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Largest population-based study confirms patients taking some cholesterol-lowering drugs have increased risk of developing diabetes

Toronto, May 23, 2013

By Leslie Shepherd

Dr. Muhammad Mamdani Dr. Muhammad Mamdani

The largest study to date has confirmed that elderly patients who take certain high-potency cholesterol-lowering drugs known as statins have an increased risk of developing diabetes relative to a lower-potency statin, pravastatin.

However, no significantly increased risk was evident with two other statins relative to pravastatin, according to the paper published today on bmj.com.

“Our findings are significant because statins are among the most commonly used drugs in the world and our findings suggest that certain statins may confer a slightly increased risk of diabetes relative to other statins among those without a history of diabetes,” said Dr. Muhammad Mamdani, a scientist at the Li Ka Shing Knowledge Institute of St. Michael’s Hospital and senior author of the study.

Statins are prescribed not just for lowering cholesterol to prevent cardiovascular events but also for people who have already had cardiovascular incidents such as a heart attack, stroke or peripheral artery disease. They are considered to be highly effective, but recent research has linked them to an increased risk of developing Type 2 diabetes, commonly known as adult onset diabetes.

In January, Health Canada required new labelling for statins to point out these risks, which it said were found mainly in patients with pre-existing risk factors for diabetes such as high levels of glucose in the blood, being obese or having high blood pressure.

Dr. Muhammad, an adjunct scientist with the Institute for Clinical Evaluative Sciences, used the health records of 1.5 million residents in Ontario to examine the association between statin use and new-onset diabetes.The patients were aged 66 and over and started statin therapy between 1997 and 2010. Atorvastatin accounted for more than half of all new statin prescriptions followed by rosuvastatin, simvastatin, pravastatin, lovastatin and fluvastatin. The study used pravastatin-treated patients as the comparison group as pravastatin has been shown to have favourable effects on diabetes in animals and in clinical trials.

This was the largest study to date to directly compare individual statins with respect to a risk for diabetes. The study demonstrated significant increased risk of diabetes with some statins relative to others among irrespective of whether the patient had a prior history of cardiovascular events.

Of the 471,250 patients they identified with no history of diabetes and who were newly treated with a statin, patients treated with atorvastatin were found to have a 22 percent increased relative risk of new-onset diabetes compared to patients treated with pravastatin.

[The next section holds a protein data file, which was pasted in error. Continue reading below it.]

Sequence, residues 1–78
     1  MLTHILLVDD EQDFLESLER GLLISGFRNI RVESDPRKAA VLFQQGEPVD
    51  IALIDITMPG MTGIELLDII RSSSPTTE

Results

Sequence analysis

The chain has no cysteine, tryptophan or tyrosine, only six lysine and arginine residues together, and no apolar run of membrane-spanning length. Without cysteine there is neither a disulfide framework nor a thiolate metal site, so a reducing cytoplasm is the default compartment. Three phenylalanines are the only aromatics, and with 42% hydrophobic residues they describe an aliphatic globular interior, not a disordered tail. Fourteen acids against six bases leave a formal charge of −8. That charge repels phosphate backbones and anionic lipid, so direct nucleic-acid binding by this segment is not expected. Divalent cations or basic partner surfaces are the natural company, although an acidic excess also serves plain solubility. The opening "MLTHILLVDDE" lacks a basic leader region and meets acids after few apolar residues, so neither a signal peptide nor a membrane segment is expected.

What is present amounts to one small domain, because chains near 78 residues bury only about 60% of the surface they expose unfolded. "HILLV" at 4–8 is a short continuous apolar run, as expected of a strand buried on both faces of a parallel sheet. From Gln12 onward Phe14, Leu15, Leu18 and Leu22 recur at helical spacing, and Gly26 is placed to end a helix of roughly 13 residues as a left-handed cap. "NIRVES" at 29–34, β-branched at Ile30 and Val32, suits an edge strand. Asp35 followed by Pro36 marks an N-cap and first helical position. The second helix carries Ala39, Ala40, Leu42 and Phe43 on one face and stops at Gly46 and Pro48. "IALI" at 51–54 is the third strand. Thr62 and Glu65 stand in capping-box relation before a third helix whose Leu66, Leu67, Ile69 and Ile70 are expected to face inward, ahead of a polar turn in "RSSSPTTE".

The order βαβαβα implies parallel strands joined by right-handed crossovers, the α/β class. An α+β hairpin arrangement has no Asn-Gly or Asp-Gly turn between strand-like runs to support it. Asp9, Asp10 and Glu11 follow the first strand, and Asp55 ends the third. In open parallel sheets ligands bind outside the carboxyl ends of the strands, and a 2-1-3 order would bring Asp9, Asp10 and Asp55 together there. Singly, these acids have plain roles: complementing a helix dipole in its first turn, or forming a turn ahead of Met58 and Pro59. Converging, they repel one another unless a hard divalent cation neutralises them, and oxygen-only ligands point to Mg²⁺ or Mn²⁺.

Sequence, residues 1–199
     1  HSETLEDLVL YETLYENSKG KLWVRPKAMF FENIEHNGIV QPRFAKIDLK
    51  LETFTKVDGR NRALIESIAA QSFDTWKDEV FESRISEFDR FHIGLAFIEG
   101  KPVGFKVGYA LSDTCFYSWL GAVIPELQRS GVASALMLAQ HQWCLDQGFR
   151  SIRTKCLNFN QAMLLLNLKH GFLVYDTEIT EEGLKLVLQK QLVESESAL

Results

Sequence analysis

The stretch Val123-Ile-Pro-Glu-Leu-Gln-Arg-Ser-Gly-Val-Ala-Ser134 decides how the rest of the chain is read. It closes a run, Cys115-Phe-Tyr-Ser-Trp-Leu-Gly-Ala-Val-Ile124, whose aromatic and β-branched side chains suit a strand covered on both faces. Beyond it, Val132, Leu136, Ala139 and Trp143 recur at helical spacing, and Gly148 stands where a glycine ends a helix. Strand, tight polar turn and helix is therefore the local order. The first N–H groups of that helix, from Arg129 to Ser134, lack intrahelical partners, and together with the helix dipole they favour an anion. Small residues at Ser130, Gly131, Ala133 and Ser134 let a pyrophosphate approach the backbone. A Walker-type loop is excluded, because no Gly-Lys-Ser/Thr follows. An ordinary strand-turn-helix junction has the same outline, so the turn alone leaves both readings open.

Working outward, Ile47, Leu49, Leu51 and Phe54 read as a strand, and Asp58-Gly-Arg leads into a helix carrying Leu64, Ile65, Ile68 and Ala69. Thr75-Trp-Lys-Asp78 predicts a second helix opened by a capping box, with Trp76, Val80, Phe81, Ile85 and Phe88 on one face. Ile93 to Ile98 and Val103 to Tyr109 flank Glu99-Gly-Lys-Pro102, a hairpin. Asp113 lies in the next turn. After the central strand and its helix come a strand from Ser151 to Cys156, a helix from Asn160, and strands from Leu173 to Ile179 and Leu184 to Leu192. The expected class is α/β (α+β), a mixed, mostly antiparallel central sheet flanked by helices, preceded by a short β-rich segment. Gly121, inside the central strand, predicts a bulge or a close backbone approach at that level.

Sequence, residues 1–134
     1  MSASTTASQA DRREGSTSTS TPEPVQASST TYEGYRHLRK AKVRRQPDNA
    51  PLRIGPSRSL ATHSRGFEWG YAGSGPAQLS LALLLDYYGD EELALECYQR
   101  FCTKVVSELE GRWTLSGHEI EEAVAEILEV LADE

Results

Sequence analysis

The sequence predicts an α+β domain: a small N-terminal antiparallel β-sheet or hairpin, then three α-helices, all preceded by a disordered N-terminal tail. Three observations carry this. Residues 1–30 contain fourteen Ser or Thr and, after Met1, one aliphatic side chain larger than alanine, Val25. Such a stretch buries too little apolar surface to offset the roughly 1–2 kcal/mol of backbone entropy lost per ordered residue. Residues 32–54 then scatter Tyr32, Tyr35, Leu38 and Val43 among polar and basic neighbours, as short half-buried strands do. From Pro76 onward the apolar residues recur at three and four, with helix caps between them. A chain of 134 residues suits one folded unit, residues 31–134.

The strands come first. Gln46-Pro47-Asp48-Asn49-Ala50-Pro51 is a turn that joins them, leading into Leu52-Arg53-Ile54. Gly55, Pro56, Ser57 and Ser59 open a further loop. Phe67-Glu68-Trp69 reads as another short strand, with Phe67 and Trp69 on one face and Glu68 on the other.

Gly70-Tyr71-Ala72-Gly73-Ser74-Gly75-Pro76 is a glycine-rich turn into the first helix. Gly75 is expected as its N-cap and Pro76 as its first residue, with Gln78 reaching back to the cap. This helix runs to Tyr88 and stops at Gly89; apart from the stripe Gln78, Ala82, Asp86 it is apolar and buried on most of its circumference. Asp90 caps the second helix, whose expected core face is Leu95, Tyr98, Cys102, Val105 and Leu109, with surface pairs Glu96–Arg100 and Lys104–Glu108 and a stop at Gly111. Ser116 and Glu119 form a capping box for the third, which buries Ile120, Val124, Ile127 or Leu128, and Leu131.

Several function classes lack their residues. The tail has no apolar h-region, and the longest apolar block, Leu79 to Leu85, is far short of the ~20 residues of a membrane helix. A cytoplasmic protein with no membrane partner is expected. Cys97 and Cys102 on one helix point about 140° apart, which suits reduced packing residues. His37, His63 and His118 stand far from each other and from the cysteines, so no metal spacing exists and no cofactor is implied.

Rosuvastatin was linked to an 18 percent relative increased risk and simvastatin a 10 percent relative increased risk, relative to pravastatin. In contrast, patients treated with fluvastatin and lovastatin did not demonstrate an increased risk.

The researchers say several factors may explain the increased risk of developing diabetes, including the possibility that certain statins could block the release of insulin, the hormone that manages blood sugar levels.

“Overall, the risk of developing diabetes among patients taking statins appears to be low and may not outweigh the benefits of statin therapy in moderate to high risk patients,” said Dr. Mamdani. “For example, for every 1,000 persons treated with atorvastatin, only about six to eight additional people will be diagnosed with diabetes relative to those taking pravastatin. Both pravastatin and atorvastatin can be used for most patients to prevent future cardiovascular events, however our findings suggest pravastatin may confer a slightly lower risk of incident diabetes. ”

Dr. Mamdani, a PharmD, is the director of the Applied Health Research Centre at St. Michael’s. The AHRC is an academic research centre that specializes in designing and conducting clinical research, including multi-centre clinical trials. It offers start-to-finish assistance to researchers who have an idea for a clinical trial but lack the experience or infrastructure to conduct one – from designing high-quality studies to operationalizing a study and drawing up a budget to providing secure informatics services and data management storage in more than 20 different languages, crunching the numbers and analyzing the results with highly trained statisticians.

AHRC recently joined with two other St. Michael’s groups to form a clinical research services group known as HUB Health Research Solutions. The other two groups are BreaKThrough Knowledge Translation Services, led by Dr. Sharon Straus, and the Centre for ExceLlence in Economic Analysis Research (CLEAR), led by Dr. Jeffrey Hoch.

This study was funded by the Drug Innovation Fund of the Ontario Ministry of Health and Long-Term Care.

About St. Michael’s Hospital

St Michael’s Hospital provides compassionate care to all who enter its doors. The hospital also provides outstanding medical education to future health care professionals in more than 23 academic disciplines. Critical care and trauma, heart disease, neurosurgery, diabetes, cancer care, care of the homeless and global health are among the Hospital’s recognized areas of expertise. Through the Keenan Research Centre and the Li Ka Shing International Healthcare Education Centre, which make up the Li Ka Shing Knowledge Institute, research and education at St. Michael’s Hospital are recognized and make an impact around the world. Founded in 1892, the hospital is fully affiliated with the University of Toronto.

Media contacts

For more information or to interview Dr. Mamdani, contact:

Leslie Shepherd
Manager, Media Strategy
St. Michael's Hospital
416-864-6094
shepherdl@smh.ca